Eventually, in the late 1950s, the NSA withdrew from the relationship with Hagelin. A decade of negotiations and a five-year licensing agreement between the CIA and Crypto AG followed. In 1969, talks in Washington DC between NSA and a key German intelligence figure, Wilhelm Göing, would trigger the eventual joint purchase of Crypto AG by the BND and the CIA.

The Wizards of Langley and the hierarchy of security

The CIA’s interest in communications intelligence is perhaps the least understood of all its activities. The ‘Wizards of Langley’ is the nickname for those working on technological innovation at the CIA headquarters in Langley, Virginia. For decades these “Wizards” pursued new ways to use science and technology to their advantage, planting bugs in foreign embassies and driving a secret Tunnel into the heart of Berlin. Purchasing a company like Crypto AG offered a further opportunity. Owning the company, Langley could direct less secure machines to be sold to countries of interest across the world. Selling weaker machines to governments across the Middle East, Latin America and Africa, Operation Rubicon created a hierarchy of security, protecting the Global North while making the Global South a key intelligence target.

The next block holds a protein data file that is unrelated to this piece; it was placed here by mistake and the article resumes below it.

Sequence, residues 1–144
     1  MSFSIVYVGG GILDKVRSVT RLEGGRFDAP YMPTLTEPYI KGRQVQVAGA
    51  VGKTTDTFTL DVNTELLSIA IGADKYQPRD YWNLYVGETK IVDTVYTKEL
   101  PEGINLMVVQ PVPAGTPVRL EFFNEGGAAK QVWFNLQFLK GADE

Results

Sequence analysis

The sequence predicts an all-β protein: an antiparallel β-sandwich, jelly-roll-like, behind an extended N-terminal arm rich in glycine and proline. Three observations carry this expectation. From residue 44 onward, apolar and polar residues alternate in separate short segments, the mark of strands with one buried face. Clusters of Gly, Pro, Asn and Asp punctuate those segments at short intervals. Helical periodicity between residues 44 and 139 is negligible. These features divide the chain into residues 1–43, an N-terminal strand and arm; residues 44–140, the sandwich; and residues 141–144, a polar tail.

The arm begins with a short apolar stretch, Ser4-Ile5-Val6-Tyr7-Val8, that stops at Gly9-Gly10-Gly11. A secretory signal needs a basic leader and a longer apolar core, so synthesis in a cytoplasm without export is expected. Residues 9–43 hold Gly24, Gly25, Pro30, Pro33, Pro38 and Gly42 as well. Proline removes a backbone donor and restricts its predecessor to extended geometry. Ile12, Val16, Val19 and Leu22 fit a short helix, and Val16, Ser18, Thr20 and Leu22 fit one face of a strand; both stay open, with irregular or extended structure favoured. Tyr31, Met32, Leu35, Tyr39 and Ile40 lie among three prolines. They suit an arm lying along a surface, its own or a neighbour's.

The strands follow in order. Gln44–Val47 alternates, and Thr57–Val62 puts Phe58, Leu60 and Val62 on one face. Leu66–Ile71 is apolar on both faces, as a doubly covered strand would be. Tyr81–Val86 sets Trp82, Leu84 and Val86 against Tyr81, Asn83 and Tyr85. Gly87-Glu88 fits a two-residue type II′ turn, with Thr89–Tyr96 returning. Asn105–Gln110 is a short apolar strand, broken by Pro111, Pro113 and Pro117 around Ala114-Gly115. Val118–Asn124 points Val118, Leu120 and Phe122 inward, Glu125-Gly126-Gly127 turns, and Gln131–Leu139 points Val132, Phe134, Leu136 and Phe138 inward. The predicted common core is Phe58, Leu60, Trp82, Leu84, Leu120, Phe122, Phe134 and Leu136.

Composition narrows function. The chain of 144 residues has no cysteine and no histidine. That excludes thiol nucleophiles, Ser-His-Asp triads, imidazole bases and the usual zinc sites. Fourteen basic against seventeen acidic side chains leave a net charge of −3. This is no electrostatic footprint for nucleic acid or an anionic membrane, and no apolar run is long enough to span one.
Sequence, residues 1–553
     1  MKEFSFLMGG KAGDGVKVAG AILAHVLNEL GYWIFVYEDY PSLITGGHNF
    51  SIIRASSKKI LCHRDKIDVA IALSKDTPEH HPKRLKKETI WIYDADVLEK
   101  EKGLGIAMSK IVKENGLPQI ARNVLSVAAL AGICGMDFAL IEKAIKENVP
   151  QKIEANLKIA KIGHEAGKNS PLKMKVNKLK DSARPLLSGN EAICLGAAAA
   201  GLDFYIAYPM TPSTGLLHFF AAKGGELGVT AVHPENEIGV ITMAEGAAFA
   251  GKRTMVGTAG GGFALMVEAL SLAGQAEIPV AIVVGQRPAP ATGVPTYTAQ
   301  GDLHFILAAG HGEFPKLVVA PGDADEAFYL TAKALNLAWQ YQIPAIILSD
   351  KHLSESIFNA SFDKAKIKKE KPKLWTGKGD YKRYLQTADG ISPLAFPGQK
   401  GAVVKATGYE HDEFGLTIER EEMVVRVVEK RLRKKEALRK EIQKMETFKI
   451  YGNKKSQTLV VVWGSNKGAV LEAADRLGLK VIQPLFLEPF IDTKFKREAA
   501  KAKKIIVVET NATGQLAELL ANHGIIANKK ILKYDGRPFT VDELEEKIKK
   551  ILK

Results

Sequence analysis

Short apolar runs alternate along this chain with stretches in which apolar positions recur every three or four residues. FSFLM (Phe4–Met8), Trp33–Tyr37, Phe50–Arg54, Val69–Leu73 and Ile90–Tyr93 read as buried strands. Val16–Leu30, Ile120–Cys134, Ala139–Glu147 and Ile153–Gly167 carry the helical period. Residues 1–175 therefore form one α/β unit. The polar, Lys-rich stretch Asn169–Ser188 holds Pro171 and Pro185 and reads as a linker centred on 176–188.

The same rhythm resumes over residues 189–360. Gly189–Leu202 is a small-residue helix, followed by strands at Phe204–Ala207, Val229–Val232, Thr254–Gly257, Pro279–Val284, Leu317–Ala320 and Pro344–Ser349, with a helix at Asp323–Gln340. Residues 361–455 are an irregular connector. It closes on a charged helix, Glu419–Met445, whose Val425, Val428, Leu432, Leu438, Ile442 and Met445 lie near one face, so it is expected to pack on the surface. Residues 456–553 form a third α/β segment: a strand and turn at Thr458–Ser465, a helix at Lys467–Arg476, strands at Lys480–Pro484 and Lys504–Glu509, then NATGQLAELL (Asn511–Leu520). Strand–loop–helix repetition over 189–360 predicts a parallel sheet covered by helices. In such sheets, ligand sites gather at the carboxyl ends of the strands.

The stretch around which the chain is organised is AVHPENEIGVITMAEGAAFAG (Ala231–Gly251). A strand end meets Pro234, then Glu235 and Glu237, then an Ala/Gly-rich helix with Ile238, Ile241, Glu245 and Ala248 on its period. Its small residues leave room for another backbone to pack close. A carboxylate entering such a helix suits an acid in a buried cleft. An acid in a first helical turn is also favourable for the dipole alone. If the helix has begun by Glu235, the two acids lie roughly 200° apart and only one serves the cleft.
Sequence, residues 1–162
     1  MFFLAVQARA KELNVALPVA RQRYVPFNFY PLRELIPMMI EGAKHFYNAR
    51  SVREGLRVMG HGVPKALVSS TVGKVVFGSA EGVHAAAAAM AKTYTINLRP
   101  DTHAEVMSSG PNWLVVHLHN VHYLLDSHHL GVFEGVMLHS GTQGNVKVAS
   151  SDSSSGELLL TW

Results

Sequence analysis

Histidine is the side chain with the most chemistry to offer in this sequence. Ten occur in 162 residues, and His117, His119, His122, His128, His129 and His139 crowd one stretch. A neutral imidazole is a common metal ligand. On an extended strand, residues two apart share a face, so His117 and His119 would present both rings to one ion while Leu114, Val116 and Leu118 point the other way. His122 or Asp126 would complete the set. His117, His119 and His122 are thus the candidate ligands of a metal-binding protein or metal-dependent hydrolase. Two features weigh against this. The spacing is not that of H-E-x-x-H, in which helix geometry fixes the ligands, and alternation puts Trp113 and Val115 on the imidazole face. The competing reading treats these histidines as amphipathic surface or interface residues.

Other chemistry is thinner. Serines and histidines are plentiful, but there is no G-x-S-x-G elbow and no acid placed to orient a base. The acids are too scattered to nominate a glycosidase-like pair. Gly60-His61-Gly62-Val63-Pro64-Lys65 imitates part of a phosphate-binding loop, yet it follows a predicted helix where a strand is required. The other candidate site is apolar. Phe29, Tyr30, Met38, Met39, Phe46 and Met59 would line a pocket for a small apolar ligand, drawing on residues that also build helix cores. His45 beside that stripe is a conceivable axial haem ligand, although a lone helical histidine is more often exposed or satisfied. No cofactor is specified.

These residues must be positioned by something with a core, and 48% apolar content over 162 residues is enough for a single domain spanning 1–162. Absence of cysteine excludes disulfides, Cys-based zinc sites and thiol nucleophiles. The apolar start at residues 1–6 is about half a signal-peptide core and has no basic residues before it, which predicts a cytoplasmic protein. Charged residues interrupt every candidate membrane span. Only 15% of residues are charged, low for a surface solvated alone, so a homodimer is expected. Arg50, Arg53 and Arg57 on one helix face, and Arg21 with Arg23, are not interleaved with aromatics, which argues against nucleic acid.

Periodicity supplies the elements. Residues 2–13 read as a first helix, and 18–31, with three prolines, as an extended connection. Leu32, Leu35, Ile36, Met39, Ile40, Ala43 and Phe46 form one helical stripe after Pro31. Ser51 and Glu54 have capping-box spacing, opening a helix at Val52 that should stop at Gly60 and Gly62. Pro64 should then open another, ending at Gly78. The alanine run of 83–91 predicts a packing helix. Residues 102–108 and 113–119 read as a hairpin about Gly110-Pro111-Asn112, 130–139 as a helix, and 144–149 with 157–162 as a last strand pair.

Initially, the CIA and NSA disagreed on the purchase of Crypto AG. NSA believed that Crypto AG customers used poor processes and therefore weakened their own communications. It left the door open for a potential German-French venture to purchase the company. However, CIA realised the future rewards of owning the firm when communications security was quickly improving. NSA was convinced to take a technical role behind the scenes and both US agencies agreed that the French should not be involved. Eventually, the American’s and Germans agreed on a partnership deal.

Operation Rubicon was primarily a partnership between the CIA and BND. However, its activities often benefitted from the technical expertise of the NSA and Motorola, as well as European based companies such as Siemens. The first objective was to place hidden weaknesses into the security mechanism of Crypto AG machines. This manipulation would ensure that the communication produced by these machines were accessible by the CIA and BND.